New! Viewing hours in January. Saturdays, Jan. 14 and 28 from 2 to 5 p.m. and by appointment.
Everyone has heard the expression, “It was right under my nose the whole time.”
For Anastasia Glassman, a Midcoast creative who describes her artwork as “the collision of many interests,” the very tools and items she worked with every day in her catering company, Swan’s Way, were in fact, the raw materials right under her nose destined to be the art pieces in her ongoing December show at Pascal Hall.
Several years ago, Glassman pulled out one of her battered baking pans and discovered there was a beauty in the patina of the scorched underside. So, she used them as the background for a series of plant photographs.
With a pile of well-used baking pans sitting in her studio, Glassman eyed them in a new way. She saw them as blank canvases for a series of collages she wanted to make, using a collection of old tools and scraps of metal she had amassed over the years. Attached with heavy-duty magnets on the underside of each sheet, the result is both raw and energetic. And it’s not just the magnets that will be drawing a crowd for this show.
Here is the Story Behind The Baking Sheets and three of her pieces currently on display.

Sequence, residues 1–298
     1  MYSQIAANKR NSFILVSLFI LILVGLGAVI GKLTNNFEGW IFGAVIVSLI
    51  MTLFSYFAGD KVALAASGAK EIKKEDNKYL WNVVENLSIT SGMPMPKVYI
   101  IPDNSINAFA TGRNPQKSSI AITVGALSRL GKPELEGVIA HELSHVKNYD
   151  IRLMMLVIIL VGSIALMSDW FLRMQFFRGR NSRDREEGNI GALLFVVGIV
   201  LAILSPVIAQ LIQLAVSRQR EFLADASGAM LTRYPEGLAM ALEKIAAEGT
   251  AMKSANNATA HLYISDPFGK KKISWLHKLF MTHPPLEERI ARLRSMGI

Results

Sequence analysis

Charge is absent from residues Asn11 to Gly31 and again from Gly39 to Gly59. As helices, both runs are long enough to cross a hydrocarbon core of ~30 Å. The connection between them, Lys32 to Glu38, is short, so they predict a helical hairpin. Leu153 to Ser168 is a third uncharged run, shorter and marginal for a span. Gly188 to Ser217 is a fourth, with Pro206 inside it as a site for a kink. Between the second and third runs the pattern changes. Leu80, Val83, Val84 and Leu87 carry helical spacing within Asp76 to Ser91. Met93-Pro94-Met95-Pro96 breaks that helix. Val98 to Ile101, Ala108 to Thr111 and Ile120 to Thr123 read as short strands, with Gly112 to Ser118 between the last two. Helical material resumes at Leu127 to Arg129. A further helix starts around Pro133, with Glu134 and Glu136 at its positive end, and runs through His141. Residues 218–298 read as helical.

After I sold Swan’s Way (my restaurant) in Camden, I bought land in Lincolnville and built my house. On the property was an old granite quarry. The bonus was there were lots of remnants from its days as a working quarry. Lots of cable and gears. The metal for the piece on the wall is from the old forge.
It was the patina of the full-size sheet pans that compelled me, but once I went to a real grungy, used restaurant equipment store and found several of these ‘contiguous’ bread pans in the back of the place. I found the pans very graphic. I have used them both ways: by attaching the shapes on the outside bottom of the pans, the shapes seem to be floating; attaching them on the inside frames the shapes and confines them.